TBM drive done at Ashlu Creek
TBM drive done at Ashlu Creek Apr 2009
Shani Wallis, Editor
Pic 1

End of the drive and raise pilot hole connection

After a long hard go of it, the vintage TBM has completed its 4.4km long water diversion tunnel for the Ashlu Creek hydropower project in the mountains behind Vancouver, British Columbia. The 4.08m diameter TBM intersected with the pilot hole of the upstream intake shaft in late February and has since been retrieved from its dead-end heading. This week (early April 2009), excavation of the 3.8m diameter x 120m deep raisebore shaft began and is expected to take about two months to finish.
“Completing the TBM drive was a great milestone to achieve,” said Serge Moalli, Project Manager for contractor Frontier-Kemper. “Conditions for the many-times refurbished TBM were tough with rock strengths of up to 250-300MPa encountered in different reaches and broken rock conditions in the six predicted fault zones on the alignment, three of them major. There were also mechanical issues that caused regular maintenance downtimes. In additon our progress was not as high as the 20m/day we had planned. It was about 6-10m a day on average, but it did get through.”
Pic 2

Grand Old Lady retrieved

The tunnel is the headrace for a 50MW run-of-the river hydro installation for the Innergex Renewable Energy Inc company which operates other wind and hydro power stations in British Columbia.
On being awarded the contract to drive the tunnel, Frontier Kemper brought out of retirement a WIRTH TBM of 1986 vintage that it refurbished and shipped to the site in early 2007. The 4.08m diameter cutterhead of the TBM had 30 x 17in cutters and an installed power of 1,200kW to attack the strong granite and its highly abrasive quartz content.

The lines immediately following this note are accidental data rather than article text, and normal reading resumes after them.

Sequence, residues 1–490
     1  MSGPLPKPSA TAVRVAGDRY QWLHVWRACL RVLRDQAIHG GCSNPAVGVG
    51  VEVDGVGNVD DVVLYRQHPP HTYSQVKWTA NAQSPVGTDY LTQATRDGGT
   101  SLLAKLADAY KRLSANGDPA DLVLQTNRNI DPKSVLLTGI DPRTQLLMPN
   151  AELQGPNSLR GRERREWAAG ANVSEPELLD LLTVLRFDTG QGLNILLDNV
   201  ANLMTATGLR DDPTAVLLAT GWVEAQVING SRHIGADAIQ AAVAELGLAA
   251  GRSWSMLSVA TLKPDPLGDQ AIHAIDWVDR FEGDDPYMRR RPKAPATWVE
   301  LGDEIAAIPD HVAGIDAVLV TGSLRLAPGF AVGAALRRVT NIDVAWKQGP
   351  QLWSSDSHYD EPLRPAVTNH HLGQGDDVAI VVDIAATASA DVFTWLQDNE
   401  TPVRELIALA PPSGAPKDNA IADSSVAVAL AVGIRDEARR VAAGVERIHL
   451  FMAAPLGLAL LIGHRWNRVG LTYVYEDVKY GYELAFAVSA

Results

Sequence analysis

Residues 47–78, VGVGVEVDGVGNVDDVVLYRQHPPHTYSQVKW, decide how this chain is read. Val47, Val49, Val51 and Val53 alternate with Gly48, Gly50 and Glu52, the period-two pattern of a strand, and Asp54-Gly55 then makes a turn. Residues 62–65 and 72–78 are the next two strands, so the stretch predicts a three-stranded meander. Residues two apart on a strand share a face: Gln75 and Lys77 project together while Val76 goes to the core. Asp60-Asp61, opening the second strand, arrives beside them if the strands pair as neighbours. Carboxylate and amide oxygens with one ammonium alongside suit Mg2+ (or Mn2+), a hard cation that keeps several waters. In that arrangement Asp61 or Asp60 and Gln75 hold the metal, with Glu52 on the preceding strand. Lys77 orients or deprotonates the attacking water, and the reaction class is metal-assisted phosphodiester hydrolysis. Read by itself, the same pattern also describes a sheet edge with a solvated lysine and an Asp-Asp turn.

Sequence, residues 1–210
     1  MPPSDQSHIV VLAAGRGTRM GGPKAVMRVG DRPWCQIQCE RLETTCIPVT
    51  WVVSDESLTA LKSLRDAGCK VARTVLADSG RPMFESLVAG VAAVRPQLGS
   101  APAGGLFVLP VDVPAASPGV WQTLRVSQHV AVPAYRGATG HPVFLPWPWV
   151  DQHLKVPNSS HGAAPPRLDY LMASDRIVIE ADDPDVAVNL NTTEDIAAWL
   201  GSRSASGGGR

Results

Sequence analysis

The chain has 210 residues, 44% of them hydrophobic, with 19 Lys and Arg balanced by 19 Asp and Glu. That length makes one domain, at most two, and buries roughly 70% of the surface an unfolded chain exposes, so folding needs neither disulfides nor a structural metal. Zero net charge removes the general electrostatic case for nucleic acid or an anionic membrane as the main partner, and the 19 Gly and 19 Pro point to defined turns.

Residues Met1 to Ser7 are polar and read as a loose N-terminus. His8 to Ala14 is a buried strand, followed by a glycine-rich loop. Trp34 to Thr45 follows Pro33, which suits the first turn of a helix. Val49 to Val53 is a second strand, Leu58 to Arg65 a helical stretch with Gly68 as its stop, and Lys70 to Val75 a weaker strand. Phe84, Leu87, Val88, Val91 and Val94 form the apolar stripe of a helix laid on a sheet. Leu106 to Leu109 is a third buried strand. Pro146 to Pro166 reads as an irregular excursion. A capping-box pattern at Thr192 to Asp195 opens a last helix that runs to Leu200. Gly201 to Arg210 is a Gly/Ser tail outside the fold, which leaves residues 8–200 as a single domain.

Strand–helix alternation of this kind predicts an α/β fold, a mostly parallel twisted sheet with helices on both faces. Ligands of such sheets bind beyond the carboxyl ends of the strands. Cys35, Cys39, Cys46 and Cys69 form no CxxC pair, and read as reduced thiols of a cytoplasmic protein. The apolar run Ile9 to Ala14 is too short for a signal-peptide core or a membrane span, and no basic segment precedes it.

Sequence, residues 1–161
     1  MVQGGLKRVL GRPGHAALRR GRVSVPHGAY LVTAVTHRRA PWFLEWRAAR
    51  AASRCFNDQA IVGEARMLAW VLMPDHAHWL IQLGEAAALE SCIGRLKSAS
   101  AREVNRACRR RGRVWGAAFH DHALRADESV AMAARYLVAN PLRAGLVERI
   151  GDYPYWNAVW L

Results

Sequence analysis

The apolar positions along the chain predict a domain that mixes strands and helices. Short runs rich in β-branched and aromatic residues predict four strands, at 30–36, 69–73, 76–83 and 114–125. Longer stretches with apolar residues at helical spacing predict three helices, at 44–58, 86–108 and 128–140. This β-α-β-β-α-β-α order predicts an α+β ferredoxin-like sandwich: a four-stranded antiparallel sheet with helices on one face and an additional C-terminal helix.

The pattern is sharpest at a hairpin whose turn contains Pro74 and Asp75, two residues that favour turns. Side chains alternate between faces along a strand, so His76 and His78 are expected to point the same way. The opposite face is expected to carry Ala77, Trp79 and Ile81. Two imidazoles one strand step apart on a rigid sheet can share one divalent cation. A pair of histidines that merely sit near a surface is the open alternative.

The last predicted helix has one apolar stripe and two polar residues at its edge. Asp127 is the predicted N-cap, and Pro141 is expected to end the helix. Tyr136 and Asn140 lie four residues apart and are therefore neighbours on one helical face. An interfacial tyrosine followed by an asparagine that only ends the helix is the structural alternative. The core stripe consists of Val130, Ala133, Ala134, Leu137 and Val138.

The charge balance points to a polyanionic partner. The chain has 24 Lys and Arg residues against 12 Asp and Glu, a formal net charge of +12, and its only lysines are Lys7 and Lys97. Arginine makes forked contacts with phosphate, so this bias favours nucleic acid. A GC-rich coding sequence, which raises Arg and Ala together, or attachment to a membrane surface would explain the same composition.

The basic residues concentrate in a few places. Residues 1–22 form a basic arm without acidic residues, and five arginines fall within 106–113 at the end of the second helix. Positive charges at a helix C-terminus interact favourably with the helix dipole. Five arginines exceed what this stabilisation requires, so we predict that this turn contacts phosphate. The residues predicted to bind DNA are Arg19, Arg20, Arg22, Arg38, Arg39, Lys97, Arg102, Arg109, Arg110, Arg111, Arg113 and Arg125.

The Vancouver office of Hatch Mott MacDonald is design engineer for Frontier Kemper on the design-build contract. With no subsurface site investigation allowed for the maximum 600m cover in the natural environment, the contract’s GBR was based on design studies and surface mapping. Competent granite with compressive strengths in excess of 225MPa predicted a drive with little immediate support except in the identified fault zones, and an unlined finish. Rockbolts, mesh, timber lagging and steel sets were used to pass through the first faults. After being installed, the invert section of the steel sets was cut out to allow the trailing gear to come through and tracks for the rail-bound service trains.

Support specified and installed across the fault zones

“There was little water ingress,” said Moalli, “with a total 70-80 gal/min measured at the portal at the end of the drive. Pattern rockbolting was used to control pressure-release slabbing beneath the 600m of cover.” Wire mesh, lagging, channels and steel sets with the inverts subsequently cut out, supported conditions in the fault zones. “The tunnel will remain largely unlined,” said Moalli. Shotcrete will be applied to line the tunnel across the total 100m or so of the fault zones and to cover the bolt heads.

The 23 year old TBM was refurbished before being assembled and launched into its 4.4km long drive

With the raisebore anticipated to take about two months, Moalli is expecting a clean up and contract sign off in about June. From Ashlu Creek, Moalli and his tunneling team will go over to the site of the Seymour Capilano water tunnels project where Frontier Kemper in joint venture with J.F. Shea and Aecon has been awarded the contract to pick up and continue the twin TBM drives after the original contract was terminated in January 2008. Successful completion of the Ashlu Creek drive sets up the tunneling team with valuable experience to finish off the Seymour Capilano project. The other common factor on both projects is Hatch Mott MacDonald, which designed both tunnels projects.
Twin tunnel restart comes at a high priceTunnelTalk, Apr 2009



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